Willmar, Minn., residents can rate city's performance
WILLMAR -- Willmar will be participating in a state-developed survey that will let local residents measure the performance of their city. The City Council voted to adopt performance measures developed by the state Council on Local Results and Innovations.
The state council, created in 2010 by the Legislature to set performance benchmarks for city and county operations, in February released standards for counties and cities to measure the effectiveness of their services and to measure residents' opinions of those services. Participation by cities and counties is voluntary.
City Administrator Michael Schmit recommended the program. He said there is no cost to the city and there are two incentives to participate: payment of 14 cents per capita in local government aid, which amounts to $2,678 for Willmar based on the latest Census; and an exemption from levy limits for taxes payable in 2012.
When council members first considered the program at the June 13 Finance Committee meeting, there was little information and time available to make a decision, said Schmit. The State Auditor's Office had set a decision deadline of July 1 and the matter was received for information.
During the past 7 to 10 days, however, there has been a flurry of emails between cities and an effort to work through the League of Minnesota Cities and the State Auditor's Office to develop a standardized measuring survey, Schmit said.
By the end of the week, officials from 50 counties and 60 cities said they wanted to participate, including Willmar, said Schmit. He called the State Auditor's Office, which gave Willmar an exemption to the deadline if council members adopted a resolution to participate.
Schmit said there is no risk to the city and he feels it is a good way to learn how residents feel about city services. He thinks more cities will participate and he said cities can develop their own systems.
Among the suggested questions are overall ratings for services, safety, quality of fire protection, snowplowing, dependability and quality of city water supply and sanitary sewer services, and quality of recreational programs and facilities.
Council member Jim Dokken said the Kandiyohi County Board has voted to participate in the program.
Council member Ron Christianson questioned staff cost and time required to participate. Schmit did not think the program would cost the city much if anything.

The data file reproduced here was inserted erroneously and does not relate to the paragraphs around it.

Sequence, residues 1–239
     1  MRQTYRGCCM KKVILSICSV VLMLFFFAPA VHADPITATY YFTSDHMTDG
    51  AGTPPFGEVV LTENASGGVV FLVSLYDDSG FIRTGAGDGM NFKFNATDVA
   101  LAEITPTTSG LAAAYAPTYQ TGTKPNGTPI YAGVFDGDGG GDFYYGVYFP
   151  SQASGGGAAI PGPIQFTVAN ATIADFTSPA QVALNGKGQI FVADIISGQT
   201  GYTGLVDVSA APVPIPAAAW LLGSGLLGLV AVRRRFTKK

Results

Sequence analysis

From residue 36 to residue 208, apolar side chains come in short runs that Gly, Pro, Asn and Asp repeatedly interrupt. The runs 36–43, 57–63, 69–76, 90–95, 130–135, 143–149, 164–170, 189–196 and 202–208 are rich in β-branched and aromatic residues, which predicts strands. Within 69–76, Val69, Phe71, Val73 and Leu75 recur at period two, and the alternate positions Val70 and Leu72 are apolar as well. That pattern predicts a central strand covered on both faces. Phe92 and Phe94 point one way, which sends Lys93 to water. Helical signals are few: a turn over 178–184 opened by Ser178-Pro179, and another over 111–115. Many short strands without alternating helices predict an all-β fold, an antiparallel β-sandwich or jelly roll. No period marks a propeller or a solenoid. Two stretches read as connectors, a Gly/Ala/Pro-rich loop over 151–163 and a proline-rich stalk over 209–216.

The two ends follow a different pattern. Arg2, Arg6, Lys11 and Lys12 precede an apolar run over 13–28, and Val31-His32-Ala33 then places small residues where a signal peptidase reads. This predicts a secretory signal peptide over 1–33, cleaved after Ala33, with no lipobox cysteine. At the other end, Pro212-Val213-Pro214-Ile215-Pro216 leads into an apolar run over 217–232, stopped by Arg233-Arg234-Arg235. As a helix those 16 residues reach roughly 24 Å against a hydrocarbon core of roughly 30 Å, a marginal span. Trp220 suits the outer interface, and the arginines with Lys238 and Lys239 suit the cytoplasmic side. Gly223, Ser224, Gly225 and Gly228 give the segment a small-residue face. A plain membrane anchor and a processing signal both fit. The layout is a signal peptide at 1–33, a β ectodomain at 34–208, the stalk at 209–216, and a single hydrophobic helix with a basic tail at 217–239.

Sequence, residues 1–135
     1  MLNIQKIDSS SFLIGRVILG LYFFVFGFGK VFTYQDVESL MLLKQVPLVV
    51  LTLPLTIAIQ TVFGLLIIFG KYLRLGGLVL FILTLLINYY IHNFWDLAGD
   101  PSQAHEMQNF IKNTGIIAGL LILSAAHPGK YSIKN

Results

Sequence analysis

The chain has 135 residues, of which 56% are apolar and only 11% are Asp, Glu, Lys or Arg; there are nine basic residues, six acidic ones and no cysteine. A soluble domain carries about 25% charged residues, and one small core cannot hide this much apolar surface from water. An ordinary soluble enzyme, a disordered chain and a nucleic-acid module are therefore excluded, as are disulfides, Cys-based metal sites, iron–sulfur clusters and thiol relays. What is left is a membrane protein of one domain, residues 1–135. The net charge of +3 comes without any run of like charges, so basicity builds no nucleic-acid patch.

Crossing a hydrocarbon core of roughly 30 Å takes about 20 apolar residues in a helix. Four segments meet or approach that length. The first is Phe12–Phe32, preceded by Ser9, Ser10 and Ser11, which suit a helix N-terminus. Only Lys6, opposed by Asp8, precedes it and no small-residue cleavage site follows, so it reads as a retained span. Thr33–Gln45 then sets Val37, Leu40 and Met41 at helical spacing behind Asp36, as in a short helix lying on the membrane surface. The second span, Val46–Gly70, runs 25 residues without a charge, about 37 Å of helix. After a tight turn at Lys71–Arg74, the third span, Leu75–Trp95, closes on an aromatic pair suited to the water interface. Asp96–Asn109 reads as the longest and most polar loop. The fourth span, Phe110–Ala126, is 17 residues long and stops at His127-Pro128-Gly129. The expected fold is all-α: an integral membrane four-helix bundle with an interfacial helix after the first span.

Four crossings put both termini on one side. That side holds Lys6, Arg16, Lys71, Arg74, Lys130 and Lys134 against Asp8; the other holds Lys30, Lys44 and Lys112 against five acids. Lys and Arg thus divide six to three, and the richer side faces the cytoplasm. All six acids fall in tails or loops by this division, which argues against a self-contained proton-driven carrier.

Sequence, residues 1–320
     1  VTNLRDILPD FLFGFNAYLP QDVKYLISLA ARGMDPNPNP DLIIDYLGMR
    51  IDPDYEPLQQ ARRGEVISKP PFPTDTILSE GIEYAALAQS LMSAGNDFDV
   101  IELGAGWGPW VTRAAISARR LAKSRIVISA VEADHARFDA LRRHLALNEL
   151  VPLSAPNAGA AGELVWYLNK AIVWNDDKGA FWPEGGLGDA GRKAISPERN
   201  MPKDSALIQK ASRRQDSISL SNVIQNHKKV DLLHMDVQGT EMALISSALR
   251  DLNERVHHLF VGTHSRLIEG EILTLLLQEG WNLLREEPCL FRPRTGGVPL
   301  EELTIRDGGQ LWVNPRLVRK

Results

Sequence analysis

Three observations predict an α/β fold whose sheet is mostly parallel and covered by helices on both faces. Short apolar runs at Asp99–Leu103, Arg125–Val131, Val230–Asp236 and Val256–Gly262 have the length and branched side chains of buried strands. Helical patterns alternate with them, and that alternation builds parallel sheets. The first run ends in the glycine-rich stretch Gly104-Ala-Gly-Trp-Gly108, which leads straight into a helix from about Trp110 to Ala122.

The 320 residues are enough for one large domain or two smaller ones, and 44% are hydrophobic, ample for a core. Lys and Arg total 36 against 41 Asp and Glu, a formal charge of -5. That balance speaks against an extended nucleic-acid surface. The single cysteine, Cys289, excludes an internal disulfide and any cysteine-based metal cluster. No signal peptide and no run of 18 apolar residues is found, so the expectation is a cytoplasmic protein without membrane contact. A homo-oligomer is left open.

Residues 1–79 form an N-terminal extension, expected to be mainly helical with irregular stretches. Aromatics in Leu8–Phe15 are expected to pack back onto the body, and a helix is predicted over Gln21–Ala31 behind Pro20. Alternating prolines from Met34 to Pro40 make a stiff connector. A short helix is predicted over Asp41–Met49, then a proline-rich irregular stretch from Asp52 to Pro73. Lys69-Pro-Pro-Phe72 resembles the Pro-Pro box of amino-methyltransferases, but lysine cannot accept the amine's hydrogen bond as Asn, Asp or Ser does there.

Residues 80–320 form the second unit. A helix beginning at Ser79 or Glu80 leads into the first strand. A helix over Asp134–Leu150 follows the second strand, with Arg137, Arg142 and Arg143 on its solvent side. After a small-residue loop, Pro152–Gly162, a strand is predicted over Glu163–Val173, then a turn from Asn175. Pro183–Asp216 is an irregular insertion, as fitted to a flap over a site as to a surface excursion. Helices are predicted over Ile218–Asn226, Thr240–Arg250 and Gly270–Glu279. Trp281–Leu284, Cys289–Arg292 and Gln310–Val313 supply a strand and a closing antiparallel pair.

Mayor Frank Yanish said getting a sense of how the citizens are feeling would be a plus.
In other business, the council:
- Canceled a hearing that had been scheduled for Tuesday night to consider ordering plans and specifications for street and utility improvements on 12th Street Southwest. The hearing was not held because public notice about the hearing was published only once by the Tribune and not twice as required. To move the project forward and to meet various deadlines, Public Works Director Holly Wilson recommended 12th Street property owners be asked to sign a petition to waive the improvement hearing. Wilson said approval is needed from 100 percent of property owners.
- Authorized an agreement pending final approval of Schmit and City Attorney Rich Ronning to construct an RV dump site at the Kandiyohi County Recycling Center, 1400 22nd St. S.W. During the open forum, Wendell Swanson of Willmar thanked the council on behalf of two camping clubs for moving the dump site project forward.
- Was told by Police Chief David Wyffels that the police department has since last week been returning calls to people who provide information to the department. Wyffels said the department tells callers that the department appreciates the information. "We're monitoring the amount of time it takes, and responses have been positive,'' the chief said. "The other benefit from talking to people is they seem to provide additional concerns that they have, so it's just something we're trying.''
- Approved the sale of $1,825,000 in general obligation improvement bonds for this year's street improvement program to UMB Bank of Kansas City, Mo., at an interest rate of 2.2618 percent. The bid was the lowest of four bids submitted.